Why do we need the notion of the phenomenal character of experience? We have to loot at the role that the notion plays in our reflective thinking, we have to ask what the point is of the notion. For example, if we are presented with an analysis of the phenomenal character of pain, we have to remember that pain is awful: we have to remember that pain is a source of concern and that we think it right to try to nullify pain where we can. If we are told, for instance, that being in pain is a matter of being in a particular kind of representational state, we have to ask why being in such a representational state should be awful; we have to ask what it is about this kind of representational state that means we should try to nullify it.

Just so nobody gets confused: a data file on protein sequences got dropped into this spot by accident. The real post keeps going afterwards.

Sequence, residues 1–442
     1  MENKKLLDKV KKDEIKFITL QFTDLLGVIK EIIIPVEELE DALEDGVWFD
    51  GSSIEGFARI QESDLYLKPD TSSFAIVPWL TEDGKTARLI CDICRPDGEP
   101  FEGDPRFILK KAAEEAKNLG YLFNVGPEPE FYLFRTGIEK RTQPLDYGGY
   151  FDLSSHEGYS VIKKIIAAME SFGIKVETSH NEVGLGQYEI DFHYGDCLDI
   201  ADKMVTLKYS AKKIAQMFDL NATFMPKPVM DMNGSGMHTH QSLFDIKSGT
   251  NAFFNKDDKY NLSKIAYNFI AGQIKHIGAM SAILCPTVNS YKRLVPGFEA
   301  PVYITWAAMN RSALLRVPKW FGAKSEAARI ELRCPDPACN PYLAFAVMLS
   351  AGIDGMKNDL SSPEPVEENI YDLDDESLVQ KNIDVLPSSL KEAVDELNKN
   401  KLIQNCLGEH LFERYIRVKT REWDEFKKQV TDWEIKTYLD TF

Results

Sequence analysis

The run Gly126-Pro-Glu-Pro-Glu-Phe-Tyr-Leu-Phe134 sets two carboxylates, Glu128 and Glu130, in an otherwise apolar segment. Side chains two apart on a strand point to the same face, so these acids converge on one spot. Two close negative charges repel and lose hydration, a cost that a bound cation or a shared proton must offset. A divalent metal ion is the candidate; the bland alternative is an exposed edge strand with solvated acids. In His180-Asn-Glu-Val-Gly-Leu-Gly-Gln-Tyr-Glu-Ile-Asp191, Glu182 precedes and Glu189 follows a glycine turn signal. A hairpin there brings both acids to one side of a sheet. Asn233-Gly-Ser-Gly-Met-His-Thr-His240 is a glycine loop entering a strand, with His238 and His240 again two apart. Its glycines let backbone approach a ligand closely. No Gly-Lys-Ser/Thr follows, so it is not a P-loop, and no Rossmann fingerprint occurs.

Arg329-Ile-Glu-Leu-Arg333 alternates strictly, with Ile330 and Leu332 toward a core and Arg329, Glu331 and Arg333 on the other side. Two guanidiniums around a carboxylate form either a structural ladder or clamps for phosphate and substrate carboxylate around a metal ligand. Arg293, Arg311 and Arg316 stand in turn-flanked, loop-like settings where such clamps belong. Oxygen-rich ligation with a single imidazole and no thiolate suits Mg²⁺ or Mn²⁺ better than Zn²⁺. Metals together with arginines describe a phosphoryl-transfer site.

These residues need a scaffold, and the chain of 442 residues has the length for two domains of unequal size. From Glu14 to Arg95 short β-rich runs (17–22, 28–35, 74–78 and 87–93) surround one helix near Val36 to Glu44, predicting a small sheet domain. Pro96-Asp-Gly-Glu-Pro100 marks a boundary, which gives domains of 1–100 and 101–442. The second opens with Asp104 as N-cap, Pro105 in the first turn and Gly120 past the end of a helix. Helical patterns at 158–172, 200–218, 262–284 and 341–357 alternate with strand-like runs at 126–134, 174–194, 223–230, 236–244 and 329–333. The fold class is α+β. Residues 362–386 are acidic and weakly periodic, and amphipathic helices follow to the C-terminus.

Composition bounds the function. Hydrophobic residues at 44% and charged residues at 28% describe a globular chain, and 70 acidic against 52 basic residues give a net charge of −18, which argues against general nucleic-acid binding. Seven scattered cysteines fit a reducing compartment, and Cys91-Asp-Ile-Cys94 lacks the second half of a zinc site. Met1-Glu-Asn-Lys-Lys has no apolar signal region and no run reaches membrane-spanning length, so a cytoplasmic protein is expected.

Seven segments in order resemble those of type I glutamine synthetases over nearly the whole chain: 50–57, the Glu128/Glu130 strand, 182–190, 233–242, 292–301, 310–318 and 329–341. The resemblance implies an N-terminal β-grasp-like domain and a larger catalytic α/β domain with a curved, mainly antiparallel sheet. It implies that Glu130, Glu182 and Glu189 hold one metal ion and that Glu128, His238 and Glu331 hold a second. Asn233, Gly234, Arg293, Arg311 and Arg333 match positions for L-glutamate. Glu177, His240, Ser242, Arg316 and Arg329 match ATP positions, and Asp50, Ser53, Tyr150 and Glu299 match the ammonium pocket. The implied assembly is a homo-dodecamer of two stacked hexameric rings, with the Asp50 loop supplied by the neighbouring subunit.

John Campbell, Reference and Consciousness, Oxford, 2002, p. 138